Setting aside this time the creep factor of “I will find you,” you agree.  It’s a BAG OF MONEY, who wouldn’t agree?  We shake hands (still not a hugger), I say “I’ll see you again,” and then we part ways.  You continue on with your day, way lighter in your shoes despite the heavy (but still magically light enough to carry) canvas bag.

NOW what?

I’m sure you’re thinking about what you’d spend the money on.  I personally would pay off every stitch of debt I have, buy out the family business so my dad can actually bring in a paycheck, buy my parent’s house for them, buy land and build a house of my own, spend more time with my kids, work less and play more, go back to school.  For me after the first $10 million it would be tougher to find things to buy.  I’m a minimalist at heart (if I could fit all my belongings in the trunk of my car I would be in HEAVEN), so I wouldn’t buy THINGS.  I’d travel, and go places.  I’d see the world, eat strange food, meet stranger people, and see the strangest things.  I would be an expert at airport security, body scans, faking a foreign language, and sleeping in hostels.  I might even roll around buck naked in some of the cash, just because I could.

I would for sure do all those things, but I’d do them fast.  If I knew that the bag of money was “spend it or lose it,” I’d spend the SHIT out of that money.  I would do the most important things on my agenda first.  It would be a race against time, trying to get into the unknown amount of time I had available all the things I wanted to accomplish with that money.

I’m sure you’d do the same.

Okay.  So now instead of money inside the bag, let’s say it’s something else.

Let’s say it’s “days of life on Earth.”

And instead of me handing you that bag, let’s say the person handing you the bag is Death.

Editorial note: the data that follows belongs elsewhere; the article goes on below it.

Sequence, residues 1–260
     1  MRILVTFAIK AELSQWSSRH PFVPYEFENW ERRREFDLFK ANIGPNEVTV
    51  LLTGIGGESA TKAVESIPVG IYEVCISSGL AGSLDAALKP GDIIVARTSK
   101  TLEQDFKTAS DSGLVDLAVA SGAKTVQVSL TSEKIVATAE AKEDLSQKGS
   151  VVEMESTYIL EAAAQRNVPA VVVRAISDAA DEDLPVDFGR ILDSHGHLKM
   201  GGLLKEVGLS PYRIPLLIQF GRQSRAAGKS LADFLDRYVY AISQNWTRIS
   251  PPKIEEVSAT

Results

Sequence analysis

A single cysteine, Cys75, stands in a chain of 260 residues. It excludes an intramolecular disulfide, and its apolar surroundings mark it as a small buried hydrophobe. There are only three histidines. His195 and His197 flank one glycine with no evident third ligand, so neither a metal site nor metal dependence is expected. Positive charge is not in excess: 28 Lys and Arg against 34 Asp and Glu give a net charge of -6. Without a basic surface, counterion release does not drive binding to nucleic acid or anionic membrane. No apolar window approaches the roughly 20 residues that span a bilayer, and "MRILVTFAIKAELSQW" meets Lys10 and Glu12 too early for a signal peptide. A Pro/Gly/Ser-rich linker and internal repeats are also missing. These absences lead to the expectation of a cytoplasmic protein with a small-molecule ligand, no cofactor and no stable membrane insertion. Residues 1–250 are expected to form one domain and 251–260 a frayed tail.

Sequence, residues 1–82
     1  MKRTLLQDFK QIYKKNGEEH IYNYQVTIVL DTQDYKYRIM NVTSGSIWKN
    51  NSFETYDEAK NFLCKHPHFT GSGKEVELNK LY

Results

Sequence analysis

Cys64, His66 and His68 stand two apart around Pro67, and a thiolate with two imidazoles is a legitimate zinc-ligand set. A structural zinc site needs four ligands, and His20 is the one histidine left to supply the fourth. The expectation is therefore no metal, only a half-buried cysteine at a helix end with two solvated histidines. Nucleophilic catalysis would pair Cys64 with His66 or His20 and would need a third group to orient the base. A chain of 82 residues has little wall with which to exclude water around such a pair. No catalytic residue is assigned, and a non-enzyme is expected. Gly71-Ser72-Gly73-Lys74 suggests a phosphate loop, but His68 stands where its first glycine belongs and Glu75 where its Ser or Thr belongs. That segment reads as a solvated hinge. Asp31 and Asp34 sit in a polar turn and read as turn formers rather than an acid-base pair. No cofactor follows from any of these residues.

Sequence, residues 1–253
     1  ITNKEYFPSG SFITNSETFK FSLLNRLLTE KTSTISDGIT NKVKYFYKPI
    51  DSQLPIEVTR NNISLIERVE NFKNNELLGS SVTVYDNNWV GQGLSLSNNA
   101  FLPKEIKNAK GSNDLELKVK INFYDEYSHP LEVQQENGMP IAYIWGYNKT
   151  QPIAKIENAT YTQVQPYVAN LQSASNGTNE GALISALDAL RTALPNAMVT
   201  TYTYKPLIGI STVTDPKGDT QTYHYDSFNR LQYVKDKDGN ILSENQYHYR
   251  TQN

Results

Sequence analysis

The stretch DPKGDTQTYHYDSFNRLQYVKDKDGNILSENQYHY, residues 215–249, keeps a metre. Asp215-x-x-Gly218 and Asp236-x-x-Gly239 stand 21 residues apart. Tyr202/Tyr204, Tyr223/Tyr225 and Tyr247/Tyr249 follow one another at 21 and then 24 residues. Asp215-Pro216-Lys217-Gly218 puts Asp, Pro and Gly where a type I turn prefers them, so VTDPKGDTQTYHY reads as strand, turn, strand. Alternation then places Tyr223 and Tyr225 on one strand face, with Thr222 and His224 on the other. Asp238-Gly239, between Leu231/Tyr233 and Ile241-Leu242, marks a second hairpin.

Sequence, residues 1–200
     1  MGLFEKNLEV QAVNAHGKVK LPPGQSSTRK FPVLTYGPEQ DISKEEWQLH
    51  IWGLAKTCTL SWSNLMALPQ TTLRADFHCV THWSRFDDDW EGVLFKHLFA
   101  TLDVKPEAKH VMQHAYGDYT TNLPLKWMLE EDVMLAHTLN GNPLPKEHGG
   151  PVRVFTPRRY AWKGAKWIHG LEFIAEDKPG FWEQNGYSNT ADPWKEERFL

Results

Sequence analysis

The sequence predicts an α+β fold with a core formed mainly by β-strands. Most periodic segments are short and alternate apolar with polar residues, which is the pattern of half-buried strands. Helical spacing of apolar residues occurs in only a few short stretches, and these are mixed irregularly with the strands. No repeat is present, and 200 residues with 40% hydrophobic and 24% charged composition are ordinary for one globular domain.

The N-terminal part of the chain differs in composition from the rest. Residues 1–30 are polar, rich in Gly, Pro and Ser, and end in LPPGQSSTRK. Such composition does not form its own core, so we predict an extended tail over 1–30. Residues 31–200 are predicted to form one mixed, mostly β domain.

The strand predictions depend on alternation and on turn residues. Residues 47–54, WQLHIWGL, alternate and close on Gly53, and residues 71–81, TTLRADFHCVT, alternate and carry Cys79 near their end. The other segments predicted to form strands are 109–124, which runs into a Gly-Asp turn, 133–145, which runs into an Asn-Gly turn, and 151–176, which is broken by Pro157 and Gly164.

Someday you are going to die.

[I can hear you thinking again.  “BLINDSIDED.  I KNEW IT.  I can’t believe you just said that.  Too real, too hard, TOO MUCH.  How rude.  And actually that’s just plain ANNOYING.  I don’t even want to read the rest of this dumb blog.”]

I understand, but I need to keep going.

Someday, you are going to die.  One day you will run out of time.  One day Death will come for you no matter how much you did or didn’t use out of that bag, no matter how many plans you have for what you have left in that bag.  What you don’t use he’ll take back.  What you don’t SPEND, he’ll take back.

[“JUST STOP.  I don’t like to think about it, and I for sure don’t want to talk about it. YEAH, YEAH, YEAH, I KNOW THAT.  Stop telling me.”]

If it makes you feel any better, I am also going to die.  And so are my parents.

And so are my kids.

On a long enough timeline the survival rate for EVERYONE drops to zero.  We are all going to die.

[“…….that sucks.”]

Yes.  Yes it does.  It’s scary to think about.  We don’t want to think about it.  We don’t want to think that we have only so much time to use what’s in the bag of life that’s handed to us.  We live in a culture where we are raised and molded to believe we are invincible, to live as long as we can without thinking about the endpoint.

It’s scary to think that we will die, but it’s so, so important that we’re mindful of that fact.  Only when we understand the seriousness of it can we get to the really good part.

Think about what’s IN the bag.